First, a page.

The rarest trick in recruiting is to out-perform conference affiliation.
Wichita State men’s basketball reached that level in recent seasons, piling up talent that outranks the Missouri Valley Conference. Now Shocker coaches are back on the recruiting trail selling membership in the American Athletic Conference.
“They did something that most can’t do,” Hutchinson Community College coach Steve Eck said. “They got kids to look past the conference.”
The immediate consensus from athletes and coaches: American membership makes a good situation better. While it might not dramatically change Wichita State’s recruiting — say into five-star, one-and-done territory — that edge won’t go to waste.
Conference affiliation matters. Opponents matter. ESPN matters. Big cities matter. The American offers more of all those things than the MVC.
Those things matter to players such as Denver East guard Daylen Kountz, a senior-to-be who liked WSU as an MVC member. He said the move to the American increases his interest in WSU’s scholarship offer for all those reasons.
“That’s a big move, a lot more competition,” he said. “That’s very important.”
His father agrees. Daryl Kountz grew up in Kansas City, Kan., and played basketball for Wyandotte High. Sending his son to Wichita State is appealing for the same reasons he wears his Chiefs gear in Broncos territory.
“We try to make sure to represent where we’re from,” he said.
Representing the American is also appealing.
Daylen Kountz (6-foot-4) also has offers from Colorado and Wyoming. When he looks at a schedule and sees Colorado vs. UCLA or Wyoming vs. San Diego State, Wichita State can compete with games against 2014 NCAA champion Connecticut, Cincinnati, SMU and Memphis.
“UConn, Memphis — those are big-time programs,” Daryl Kountz said. “For Wichita State to be one of those schools, it’s marking their name on the map.”
The Shockers will have six seniors on the 2017-18 roster, which makes this spring and summer crucial to fill those roster spots for the 2018-19 season. Coaches are busy in April with a recruiting period (during which coaches visit athletes and talk to them) and two three-day evaluation periods during which coaches cover the country to watch AAU tournaments. After this weekend, the next evaluation periods are in July.
Marshall and assistant coach Kyle Lindsted recently visited Grundy, Va., to recruit center Flo Thamba, a senior-to-be, of Mountain Mission School.
“The American is right there knocking on the door of the Power 5,” said Mountain Mission associate head coach Jared Miller. “It will draw the attention of probably a higher-level player. The kids we work with pay attention to that, because they become the best they can be by going against the best.”
Thamba (6-10, 230 pounds) also has offers from Pittsburgh and Charlotte.
“Flo is the type that if he comes to Wichita, with the track record of development their coaches have, in a year or so he’s going to be a steal,” Miller said. “High-major are going to say, ‘How did we miss on him?’ ”
The Master’s Academy guard Jose Placer (6-2), a senior-to-be at the Florida school, visited Wichita State recently and is waiting on a scholarship offer from the Shockers.
“Wichita State, regardless of the conference, has been a successful program,” he said. “I want a competitive conference where every game you have to play hard.”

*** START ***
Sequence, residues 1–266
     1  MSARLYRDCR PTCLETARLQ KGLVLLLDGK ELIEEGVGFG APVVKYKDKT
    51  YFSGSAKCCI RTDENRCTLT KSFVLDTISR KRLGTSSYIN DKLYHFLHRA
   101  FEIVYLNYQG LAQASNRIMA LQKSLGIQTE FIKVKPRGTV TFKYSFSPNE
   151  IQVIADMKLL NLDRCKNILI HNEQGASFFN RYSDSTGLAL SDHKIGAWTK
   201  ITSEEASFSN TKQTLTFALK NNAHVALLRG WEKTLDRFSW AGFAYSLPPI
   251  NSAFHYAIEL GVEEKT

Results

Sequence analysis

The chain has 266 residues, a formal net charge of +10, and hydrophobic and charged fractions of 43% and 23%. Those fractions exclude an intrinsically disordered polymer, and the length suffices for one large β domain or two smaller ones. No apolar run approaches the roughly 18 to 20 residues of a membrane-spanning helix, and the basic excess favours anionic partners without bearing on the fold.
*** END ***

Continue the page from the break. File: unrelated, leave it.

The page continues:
Sacred Heart (Ala.) coach Ralpheal Graves works in the heart of the SEC, where he coaches guard Diante Wood, a two-time Alabama Class 1A Player of the Year. Graves regards the American as a conference where basketball rules.
“The American is more marketable for basketball players,” he said. “Where we are, football is first, and most of the time, only.”
Wood (6-5) is ranked a four-star prospect by ESPN.com and three by Rivals.com. Graves said Auburn, Alabama, UAB, Georgia, Dayton and others are also interested. WSU assistant coach Isaac Brown visited earlier this month.
“They told (Wood) they needed a high-major shooting guard to come in,” Graves said. “The name of the school has more weight than the conference. But having a conference behind a name really helps with recruits. They can say, ‘We play UConn and we play schools like that.’ Now they can fight for kids, really good kids.”
Membership in the American won’t overshadow the traditionally strong pitches from Shocker coaches.
They will show videos of the Koch Arena crowd and brag about fan support. They will tell the stories of how players such as Toure Murry, Cleanthony Early, Ron Baker and Fred VanVleet developed into NBA players. They can stand next to American programs UConn, SMU and Cincinnati and promise the NCAA Tournament spotlight.
“Coach Marshall isn’t going to recruit much differently,” Eck said. “He’s going to recruit heart. He’ll have more to choose from, but he’s not going to change his recruiting style.”
Around the AAC
What level of athlete commits to American Athletic Conference schools? It varies greatly from UConn at the top to schools such as South Florida and Tulane scrambling to build rosters during coaching turnover. From the Rivals.com top 150, athletes headed to AAC schools:
Class of 2017
- No. 106, Jamal Johnson (Hoover, Ala.), Memphis
- No. 113, Tyler Polley (Weston, Fla.), UConn
- No. 124, Keith Williams (Brooklyn, N.Y.), Cincinnati
- No. 145, Josh Carlton (Hyattsville, Md.), UConn
- No. 146, Nate Pierre-Louis (Jersey City, N.J.), Temple